A study on use of podcasts in teaching has investigated the outcome effects on student learning. Podcasts are a popular device grabbed by educationalist to promote the digital world into the classroom. Podcasts are lecture video recordings to be studied afterwards by students to rehearse and go over the content of the lesson in their own way. Great idea. However, according to the study, it did not work, at least as far as the exams results are concerned. Pity for the idea.
Why is that? The idea was that the pace of the lesson is may be too fast and one-off for (some) students to get the gist. So when given a chance to reiteration it would make it easier for students to learn. Interesting detail is that female and Asian students made use of podcasts more often. There are many reasons why the idea did not work. For instance: it takes time to go over the lesson video recording again, better study instead. Or reviewing what has been taught does not necessarily help to understand better; questioning would be better. More importantly: offering lesson content easier does not necessary mean it is assimilated intelligently.
Adrienne E. Williams, Nancy M. Aguilar-Roca, Diane K. O’Dowd (2016) Lecture capture podcasts: differential student use and performance in a large introductory course . Education Tech Research Dev (2016) 64:1–12 By Association for Educational Communications and Technology 2015
“All knowledge begins with the senses, and proceeds then to understanding…” Kant said that (Critique of Pure Reason (1781; 1787)(1). At that time it was a revelation. It merged combatting views on learning and understanding. But we still do not fully grasp the meaning, let alone the implications of that statement. Kant added a little extra to the statement that makes it even tougher: “ …and ends with reason”. Here is, comprised in one sentence, what energizes instruction, although admitted, a bit masked by the clouds high up the philosophical mountain. If we start at the foot of the mountain (our senses) the statement has much to do with how we teach our students and how students come to know the essentials of what they are supposed to learn. Scholastic approaches (originating in the Middle Ages – 2) govern still much of what we do in education. i.e., to teach the structural first as a solid layer of elementals and then trickle down to the details. We aim for coherence; i.e., it is about understanding, isn’t it? Still, it may not be the best way to operate.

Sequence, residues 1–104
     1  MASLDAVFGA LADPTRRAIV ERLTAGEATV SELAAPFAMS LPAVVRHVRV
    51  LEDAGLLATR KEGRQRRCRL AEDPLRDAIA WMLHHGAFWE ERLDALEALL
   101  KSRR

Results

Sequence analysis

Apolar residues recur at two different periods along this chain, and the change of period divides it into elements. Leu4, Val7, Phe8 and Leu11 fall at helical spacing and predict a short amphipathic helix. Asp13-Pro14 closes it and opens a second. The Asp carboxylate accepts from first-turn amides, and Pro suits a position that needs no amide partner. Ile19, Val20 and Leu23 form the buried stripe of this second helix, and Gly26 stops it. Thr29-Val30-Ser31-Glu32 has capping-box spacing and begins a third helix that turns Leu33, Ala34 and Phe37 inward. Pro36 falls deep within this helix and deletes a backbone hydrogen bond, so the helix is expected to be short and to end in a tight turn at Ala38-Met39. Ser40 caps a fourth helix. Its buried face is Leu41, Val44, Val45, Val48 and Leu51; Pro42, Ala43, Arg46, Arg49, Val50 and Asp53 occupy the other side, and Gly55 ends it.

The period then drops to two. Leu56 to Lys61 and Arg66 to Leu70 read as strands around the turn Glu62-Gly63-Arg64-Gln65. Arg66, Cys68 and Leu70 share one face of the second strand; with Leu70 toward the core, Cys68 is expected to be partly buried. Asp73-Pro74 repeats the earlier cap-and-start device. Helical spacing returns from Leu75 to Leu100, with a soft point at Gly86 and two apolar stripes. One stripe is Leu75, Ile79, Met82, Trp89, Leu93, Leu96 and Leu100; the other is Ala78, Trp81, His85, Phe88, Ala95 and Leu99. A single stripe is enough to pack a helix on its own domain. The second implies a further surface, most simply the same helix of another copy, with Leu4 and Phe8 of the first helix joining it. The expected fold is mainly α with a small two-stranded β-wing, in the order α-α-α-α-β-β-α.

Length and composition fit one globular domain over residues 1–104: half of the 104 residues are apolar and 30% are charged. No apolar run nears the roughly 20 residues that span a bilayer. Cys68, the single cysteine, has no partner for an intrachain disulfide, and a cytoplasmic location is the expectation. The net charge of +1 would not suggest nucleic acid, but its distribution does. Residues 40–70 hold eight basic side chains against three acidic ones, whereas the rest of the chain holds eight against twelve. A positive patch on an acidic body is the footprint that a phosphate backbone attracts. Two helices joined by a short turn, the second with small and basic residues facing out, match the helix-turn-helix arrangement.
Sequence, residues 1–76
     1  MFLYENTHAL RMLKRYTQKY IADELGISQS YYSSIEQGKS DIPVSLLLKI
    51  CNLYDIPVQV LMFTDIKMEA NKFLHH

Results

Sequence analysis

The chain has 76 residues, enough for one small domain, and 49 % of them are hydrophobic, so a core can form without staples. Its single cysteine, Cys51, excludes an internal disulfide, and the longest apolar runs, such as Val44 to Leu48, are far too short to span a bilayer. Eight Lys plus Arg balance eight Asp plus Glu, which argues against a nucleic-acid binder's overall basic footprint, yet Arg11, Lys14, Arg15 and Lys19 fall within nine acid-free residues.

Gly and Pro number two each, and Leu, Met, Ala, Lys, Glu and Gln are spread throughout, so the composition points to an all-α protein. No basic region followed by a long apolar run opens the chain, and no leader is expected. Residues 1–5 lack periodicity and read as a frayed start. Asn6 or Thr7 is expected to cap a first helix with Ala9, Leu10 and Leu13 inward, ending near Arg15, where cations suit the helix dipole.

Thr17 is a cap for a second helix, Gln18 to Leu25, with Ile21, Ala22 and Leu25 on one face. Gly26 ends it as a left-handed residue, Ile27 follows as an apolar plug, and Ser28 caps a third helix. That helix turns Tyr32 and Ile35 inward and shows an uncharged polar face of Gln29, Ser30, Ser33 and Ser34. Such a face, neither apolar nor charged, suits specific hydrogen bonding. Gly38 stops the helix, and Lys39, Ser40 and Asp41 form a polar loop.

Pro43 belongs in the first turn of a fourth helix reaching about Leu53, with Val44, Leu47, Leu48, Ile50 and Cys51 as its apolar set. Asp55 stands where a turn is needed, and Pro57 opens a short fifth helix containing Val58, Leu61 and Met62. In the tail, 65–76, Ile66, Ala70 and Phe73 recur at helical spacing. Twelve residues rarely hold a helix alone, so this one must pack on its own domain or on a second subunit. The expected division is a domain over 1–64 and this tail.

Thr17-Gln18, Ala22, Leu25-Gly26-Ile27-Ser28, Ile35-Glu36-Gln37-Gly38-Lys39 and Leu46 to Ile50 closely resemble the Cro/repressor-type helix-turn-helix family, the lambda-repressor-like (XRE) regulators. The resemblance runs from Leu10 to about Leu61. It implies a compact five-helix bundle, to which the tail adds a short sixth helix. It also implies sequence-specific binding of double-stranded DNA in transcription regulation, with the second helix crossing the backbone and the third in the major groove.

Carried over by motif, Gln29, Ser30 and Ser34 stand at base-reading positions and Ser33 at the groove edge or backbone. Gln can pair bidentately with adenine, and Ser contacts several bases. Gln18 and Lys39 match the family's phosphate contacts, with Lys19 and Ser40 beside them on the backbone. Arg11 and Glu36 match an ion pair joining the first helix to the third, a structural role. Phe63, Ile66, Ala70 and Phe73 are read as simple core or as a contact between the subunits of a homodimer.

In a study which used games to teach fundamental concepts in mechanics another view was exposed. The game set-up allowed for a searching and exploring behavior to make provisional steps and pilot approaches to get to experience mechanics laws. It was a fragmentary and piece-meal route to make sense of a subject. The authors speak of getting ‘a sense of mechanism’. i.e, actively and gradually dealing with the real world of objects to understand.
Knowledge we already have can block new understanding. We are trapped in our own ‘theories’ and often well-articulated notions about something. Learning then first becomes to have to discard the old. The alternate way is to build understandings from the case, the setting, the context that you can manipulate, or experiment with to gain gradually and continuously ideas of what it entails what you are learning. It is a kind of organic, distributive making sense of things. Knowledge comes in pieces (3).
Kant would smile, probably; and add: “Thoughts without content are empty, intuitions without concepts are blind”. Intricate, it is.
Pratim Sengupta, Kara D. Krinks & Douglas B. Clark (2015): Learning to Deflect: Conceptual Change in Physics During Digital Game Play, Journal of the Learning Sciences, 24:4, 638-674,
To link to this article: http://dx.doi.org/10.1080/10508406.2015.1082912
Taylor & Francis Group, LLC ISSN: 1050-8406 print / 1532-7809 online